Best Restaurant When Someone Else Is Paying 2000 | Petrossian | Best Restaurants, Bars, Clubs, Music and Stores in Miami | Miami New Times

Best Restaurant When Someone Else Is Paying

Can you say beluga, sevruga, osetra? Petrossian can: It's the largest importer of Russian caviar in the world. Can you say foie gras? Petrossian can: The company's farms in France produce plump, silken specimens. Can you say expensive? Petrossian can, because it ain't cheap to get all that good stuff over here. Indeed you can ply your senses with twenty grams of sevruga for $23, or beluga for $47. But you should be aware that while for drug addicts, twenty grams is a feast, for caviar aficionados it's barely a snort. And if you're planning on accompanying those sturgeon eggs with champagne, be prepared for some bottles to run over the $400 mark. Needless to say the best time to dine at Petrossian is when you have grateful guests in the house. Allow them to think of the dinner check as room and board, and in the end, everyone -- especially your waiter (what's fifteen percent of $400?) -- is more than sensually sated.
Chef Pepin -- no, not the famous one, just a hardworking Cuban cook named Pepin -- has been a fixture at Little Farm Store's diner for the past twenty years. More than a fixture; Little Farm Store cognoscenti prize Pepin's homestyle Cuban dishes. But especially his medianoche. Now what is it that makes Pepin's sandwich a cut above? How would he know? Does an artist know what drives him to the canvas? Pepin throws generous portions of pork, ham, Swiss cheese, mayo, and pickles (amount will vary at your order) on some of that soft egg bread, grills it just right, and there it is. Another masterpiece to go. Invest now while you can get one for $2.50.

Best Restaurant To Reinvent Itself Again

Big Fish

This restaurant has had more lives than Shirley MacLaine. And part of the eatery's perseverance has to do with its location. As one of the only, and certainly just about the oldest, riverfront restaurants in Miami, we almost owe it our patronage. In fact we've seen this place through good times and bad, through Twenties' gas stations and fish sandwiches (courtesy of its first owner), through gondolas and gigantic sculptures of animals standing on each other's backs (courtesy of the previous owner). It's almost like a marriage that way -- love it or leave it. And we love it. We can't help ourselves. Some glitches will always affect this restaurant: It's hard to find; the neighborhood could be better; the river traffic could be less noisy. But as far as landmark bars built around banyan trees go, we'll take this one. And we'll drink martinis here and eat fish sandwiches (okay, maybe just one, since they're currently so big) no matter who owns it, or cleans it up, or installs weird artwork, or dirties it again. That's a promise.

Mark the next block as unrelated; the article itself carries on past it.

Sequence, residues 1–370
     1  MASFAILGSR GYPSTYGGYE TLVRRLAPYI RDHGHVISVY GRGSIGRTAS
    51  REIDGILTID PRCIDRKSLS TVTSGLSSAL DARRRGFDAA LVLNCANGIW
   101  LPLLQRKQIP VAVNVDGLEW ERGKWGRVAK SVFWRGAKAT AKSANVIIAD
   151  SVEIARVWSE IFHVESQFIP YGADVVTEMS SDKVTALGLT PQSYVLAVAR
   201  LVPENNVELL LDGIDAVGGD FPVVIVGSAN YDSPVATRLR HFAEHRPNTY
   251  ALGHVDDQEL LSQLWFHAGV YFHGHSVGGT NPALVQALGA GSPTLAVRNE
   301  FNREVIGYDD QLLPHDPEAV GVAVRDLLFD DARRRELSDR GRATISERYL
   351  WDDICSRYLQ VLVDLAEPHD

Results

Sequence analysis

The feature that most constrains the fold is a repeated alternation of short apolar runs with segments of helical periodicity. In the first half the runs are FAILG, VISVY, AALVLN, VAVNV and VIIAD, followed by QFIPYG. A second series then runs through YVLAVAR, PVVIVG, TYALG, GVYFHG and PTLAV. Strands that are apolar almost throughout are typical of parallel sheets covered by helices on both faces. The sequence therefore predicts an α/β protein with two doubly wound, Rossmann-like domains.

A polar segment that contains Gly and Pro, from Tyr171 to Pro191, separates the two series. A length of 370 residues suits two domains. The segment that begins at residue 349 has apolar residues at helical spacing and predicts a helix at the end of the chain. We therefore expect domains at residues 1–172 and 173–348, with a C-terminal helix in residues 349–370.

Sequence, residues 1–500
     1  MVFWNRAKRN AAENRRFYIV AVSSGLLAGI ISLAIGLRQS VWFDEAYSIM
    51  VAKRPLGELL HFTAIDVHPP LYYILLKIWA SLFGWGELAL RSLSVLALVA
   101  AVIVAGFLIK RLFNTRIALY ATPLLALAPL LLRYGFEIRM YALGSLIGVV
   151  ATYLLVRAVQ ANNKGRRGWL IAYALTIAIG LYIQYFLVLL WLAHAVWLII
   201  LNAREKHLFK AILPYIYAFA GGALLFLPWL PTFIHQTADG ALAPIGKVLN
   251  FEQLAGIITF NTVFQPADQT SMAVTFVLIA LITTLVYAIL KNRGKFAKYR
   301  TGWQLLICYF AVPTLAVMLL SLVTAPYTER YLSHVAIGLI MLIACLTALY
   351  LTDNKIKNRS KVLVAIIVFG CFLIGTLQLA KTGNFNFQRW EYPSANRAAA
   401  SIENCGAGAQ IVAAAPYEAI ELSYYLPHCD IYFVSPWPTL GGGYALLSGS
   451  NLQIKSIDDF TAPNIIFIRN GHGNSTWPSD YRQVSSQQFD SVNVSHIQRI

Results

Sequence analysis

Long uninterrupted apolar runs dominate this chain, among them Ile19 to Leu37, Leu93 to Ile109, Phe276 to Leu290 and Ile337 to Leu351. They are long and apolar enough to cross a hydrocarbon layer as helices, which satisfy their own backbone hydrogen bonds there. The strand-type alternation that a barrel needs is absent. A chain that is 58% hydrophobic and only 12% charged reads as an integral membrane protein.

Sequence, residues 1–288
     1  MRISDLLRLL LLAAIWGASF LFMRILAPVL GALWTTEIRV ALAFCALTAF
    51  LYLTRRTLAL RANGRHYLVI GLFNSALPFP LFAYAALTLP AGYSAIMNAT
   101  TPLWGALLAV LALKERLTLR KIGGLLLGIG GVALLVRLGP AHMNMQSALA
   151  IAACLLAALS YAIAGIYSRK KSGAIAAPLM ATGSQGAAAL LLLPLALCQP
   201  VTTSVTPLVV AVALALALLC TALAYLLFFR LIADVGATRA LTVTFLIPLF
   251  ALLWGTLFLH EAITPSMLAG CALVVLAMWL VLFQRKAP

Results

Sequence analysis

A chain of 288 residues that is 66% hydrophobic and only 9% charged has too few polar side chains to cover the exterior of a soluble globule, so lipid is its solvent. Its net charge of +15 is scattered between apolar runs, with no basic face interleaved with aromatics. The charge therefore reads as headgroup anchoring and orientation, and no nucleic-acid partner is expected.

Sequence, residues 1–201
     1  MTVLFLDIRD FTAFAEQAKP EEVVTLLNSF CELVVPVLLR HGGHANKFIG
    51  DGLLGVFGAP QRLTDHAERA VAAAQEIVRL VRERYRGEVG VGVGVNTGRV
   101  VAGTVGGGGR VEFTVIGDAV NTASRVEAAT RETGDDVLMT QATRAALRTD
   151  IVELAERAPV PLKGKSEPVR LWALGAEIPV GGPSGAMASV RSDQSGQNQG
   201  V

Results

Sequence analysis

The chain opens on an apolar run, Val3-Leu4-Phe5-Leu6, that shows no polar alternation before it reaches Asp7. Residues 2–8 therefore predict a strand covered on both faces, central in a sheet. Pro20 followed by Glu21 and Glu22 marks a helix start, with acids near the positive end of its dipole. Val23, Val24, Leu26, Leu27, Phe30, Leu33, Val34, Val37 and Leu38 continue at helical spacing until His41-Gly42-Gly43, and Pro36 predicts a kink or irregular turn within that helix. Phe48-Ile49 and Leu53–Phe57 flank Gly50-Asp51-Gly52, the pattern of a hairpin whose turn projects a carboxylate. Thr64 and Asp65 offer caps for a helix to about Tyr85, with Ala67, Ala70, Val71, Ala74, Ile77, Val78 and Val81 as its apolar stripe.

Tart enough. Sweet enough. Mellow yellow filling, almost ecru. Velvety texture. Moist, crumbly graham cracker crust. Outside edge daintily adorned with a ring of whipped cream. Center garnished with more cream and a twisted lime slice. Ideal to serve to your friends, but at close to ten bucks, certainly not meant to throw at your enemies.
All you have to do is walk into Steve's and you know you've entered pizza nirvana. For one thing the whole place, really just a glorified stand, smells like the pizza shops in Milan. Then there are the New York-style pies, wafting just a hint of oregano toward you, that are constantly coming out of the oven. The oozing mozzarella, the tangy marinara, the dusky, charcoaled crust -- it's enough to make you drool just standing there. But we should warn you: Hold on to your patience. Even Steve's isn't worth that nasty blister that pops up when you sink your teeth too soon into a slice. Or ith it? Ith really hard to thay, after all.